Off-duty officer helps rescue eagle


One more eagle will be soaring in the skies over the Sunshine Coast again, thanks to the work of a caring group of individuals last week.

Const. Mark Wiebe, an off-duty officer with Sunshine Coast RCMP, was walking his dog along the ocean side boardwalk in Sechelt’s Snickett Park on Tuesday, Feb. 17, when the dog led Wiebe down to some rocks near the water.

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When the pair got down to the water, Wiebe saw that there was a fully-grown bald eagle that appeared to be trapped inside a crevice. Wiebe worried that the rising tide would prevent the eagle from escaping, so he called the Conservation Officer Service for help.

Conservation officer Dean Miller rushed down to the beach when he heard the call. Miller and Wiebe were able to determine that the eagle wasn’t physically trapped in the rocks as first thought, but was nonetheless in danger of not being able to escape when the tide came up.

“It’s unclear why the eagle entered the crevice in the first place, and it is very unusual that it would be in such a place, but it could be that it was hiding from another eagle,” said Miller.

Miller and Wiebe worked together to get a hold of the eagle, which Miller noted was “belligerent” to say the least. Braving the eagle’s repeated pecks and claws, Miller was able to remove the eagle from the crevice using a blanket. The eagle took hold of Miller’s wrist in one of its talons, and although Miller has worked with eagles before, he was surprised at how incredibly strong its grip was.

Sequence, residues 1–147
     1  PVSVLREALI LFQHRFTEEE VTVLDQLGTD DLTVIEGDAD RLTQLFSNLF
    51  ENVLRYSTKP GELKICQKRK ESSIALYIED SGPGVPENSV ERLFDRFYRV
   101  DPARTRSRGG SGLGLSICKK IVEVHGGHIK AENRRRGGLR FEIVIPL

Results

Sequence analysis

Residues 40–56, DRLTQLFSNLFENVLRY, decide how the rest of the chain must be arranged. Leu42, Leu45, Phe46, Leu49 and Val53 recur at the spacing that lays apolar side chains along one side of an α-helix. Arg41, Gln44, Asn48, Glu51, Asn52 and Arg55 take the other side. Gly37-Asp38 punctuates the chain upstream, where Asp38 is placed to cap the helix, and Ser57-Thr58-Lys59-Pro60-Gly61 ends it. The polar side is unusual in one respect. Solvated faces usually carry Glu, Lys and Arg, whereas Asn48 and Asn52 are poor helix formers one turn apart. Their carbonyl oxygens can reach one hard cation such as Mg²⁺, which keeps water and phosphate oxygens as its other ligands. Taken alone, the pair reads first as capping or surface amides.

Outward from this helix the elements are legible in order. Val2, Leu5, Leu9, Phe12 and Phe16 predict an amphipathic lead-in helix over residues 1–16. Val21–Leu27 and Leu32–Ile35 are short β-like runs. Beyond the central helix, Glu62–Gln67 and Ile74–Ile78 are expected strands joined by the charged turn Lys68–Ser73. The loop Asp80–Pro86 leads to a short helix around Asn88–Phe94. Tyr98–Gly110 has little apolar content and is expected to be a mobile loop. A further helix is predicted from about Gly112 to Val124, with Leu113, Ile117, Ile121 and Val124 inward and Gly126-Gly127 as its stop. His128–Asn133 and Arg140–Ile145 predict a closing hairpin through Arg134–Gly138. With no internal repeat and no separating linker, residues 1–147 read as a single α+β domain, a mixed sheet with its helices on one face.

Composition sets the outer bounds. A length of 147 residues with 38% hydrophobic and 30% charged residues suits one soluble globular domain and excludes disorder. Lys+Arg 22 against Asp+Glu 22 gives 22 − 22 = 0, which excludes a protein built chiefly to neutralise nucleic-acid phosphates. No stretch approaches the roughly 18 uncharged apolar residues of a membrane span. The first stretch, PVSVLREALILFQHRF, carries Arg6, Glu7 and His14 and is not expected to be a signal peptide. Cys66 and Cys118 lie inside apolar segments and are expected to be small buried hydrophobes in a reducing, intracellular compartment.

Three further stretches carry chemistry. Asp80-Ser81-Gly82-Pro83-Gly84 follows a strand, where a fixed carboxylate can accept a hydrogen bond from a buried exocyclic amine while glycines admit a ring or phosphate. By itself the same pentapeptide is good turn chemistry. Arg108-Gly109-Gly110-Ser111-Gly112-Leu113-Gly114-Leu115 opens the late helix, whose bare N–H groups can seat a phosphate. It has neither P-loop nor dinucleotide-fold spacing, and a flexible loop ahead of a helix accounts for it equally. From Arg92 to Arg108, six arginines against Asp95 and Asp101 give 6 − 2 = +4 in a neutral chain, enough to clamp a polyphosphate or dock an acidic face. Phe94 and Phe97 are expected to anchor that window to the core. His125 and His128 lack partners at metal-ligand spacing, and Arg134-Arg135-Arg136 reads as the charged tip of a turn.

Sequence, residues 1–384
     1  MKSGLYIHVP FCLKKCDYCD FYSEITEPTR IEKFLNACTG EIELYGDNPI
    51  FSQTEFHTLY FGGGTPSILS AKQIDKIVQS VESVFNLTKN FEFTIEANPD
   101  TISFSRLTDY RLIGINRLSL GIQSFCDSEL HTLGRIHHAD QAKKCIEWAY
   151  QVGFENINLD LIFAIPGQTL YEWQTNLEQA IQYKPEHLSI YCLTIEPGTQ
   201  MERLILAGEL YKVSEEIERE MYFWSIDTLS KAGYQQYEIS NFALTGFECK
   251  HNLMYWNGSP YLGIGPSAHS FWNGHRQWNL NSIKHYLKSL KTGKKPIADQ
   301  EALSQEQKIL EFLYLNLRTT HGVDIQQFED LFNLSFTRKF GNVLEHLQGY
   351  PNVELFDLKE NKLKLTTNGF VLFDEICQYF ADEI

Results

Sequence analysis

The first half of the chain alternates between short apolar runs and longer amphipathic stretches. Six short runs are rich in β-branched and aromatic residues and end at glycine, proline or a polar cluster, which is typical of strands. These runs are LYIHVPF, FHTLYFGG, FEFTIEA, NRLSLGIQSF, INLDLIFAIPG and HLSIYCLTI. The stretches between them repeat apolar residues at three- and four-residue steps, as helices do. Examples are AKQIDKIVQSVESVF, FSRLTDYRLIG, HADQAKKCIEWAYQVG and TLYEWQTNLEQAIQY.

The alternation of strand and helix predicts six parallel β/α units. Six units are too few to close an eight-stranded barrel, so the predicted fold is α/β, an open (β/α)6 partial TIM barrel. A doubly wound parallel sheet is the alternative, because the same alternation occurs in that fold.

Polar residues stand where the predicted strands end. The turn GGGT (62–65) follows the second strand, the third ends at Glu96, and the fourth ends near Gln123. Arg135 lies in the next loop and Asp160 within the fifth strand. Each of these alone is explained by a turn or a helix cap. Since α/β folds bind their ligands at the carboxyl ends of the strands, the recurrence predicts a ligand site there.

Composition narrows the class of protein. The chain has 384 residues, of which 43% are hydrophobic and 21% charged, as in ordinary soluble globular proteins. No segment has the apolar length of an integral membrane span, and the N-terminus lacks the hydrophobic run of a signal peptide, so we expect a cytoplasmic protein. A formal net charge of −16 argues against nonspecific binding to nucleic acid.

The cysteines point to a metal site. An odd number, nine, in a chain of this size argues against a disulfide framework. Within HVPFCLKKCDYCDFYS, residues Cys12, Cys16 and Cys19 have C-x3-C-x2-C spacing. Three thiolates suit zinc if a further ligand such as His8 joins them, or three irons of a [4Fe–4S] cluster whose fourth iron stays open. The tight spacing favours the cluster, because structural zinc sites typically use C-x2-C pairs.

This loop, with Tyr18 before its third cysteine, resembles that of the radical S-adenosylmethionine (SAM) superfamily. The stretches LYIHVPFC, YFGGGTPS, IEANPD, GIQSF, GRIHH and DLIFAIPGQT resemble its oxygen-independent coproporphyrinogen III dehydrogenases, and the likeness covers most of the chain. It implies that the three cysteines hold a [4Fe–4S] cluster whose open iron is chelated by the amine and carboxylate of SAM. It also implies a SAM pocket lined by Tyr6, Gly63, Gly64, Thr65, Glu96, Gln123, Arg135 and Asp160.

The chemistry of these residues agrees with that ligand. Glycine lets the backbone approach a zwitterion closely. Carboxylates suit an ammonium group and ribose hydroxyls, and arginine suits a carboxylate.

Const. Glen Martin with the RCMP’s First Nations Policing unit also came to help, and held the eagle in his arms while they drove to the Conservation office.

Things got even more interesting once they were inside the office. When Martin and Miller were trying to put the eagle into a cage, it opened its wings, dug in its talons, and the officers had to let it go. The eagle flew around inside the office while the pair worked to avoid its claws and capture it once again.

“Judging by how well it flew around the office, we were pretty confident the eagle was very capable of caring for itself,” added Miller.

Clint Davy from the Gibsons Wildlife Rehab Centre attended to further assess the bird. Davy agreed that the eagle was not injured. He took it to Snickett Park a few hours later and released it back into the wild.

Although Miller has helped eagles before, “the circumstances of this event makes it fit into the incredibly odd category” he said.

Miller encourages anyone who comes across wildlife in distress to call the Conservation Officer Service, regardless of how large or small the animal is. The Gibsons Wildlife Rehab Centre can also be contacted for advice relating to wildlife in need of help.

“After six years of working with the RCMP, I thought I had seen just about everything,” said Wiebe. “This was a first for me. I’m just thankful it had a happy ending.”

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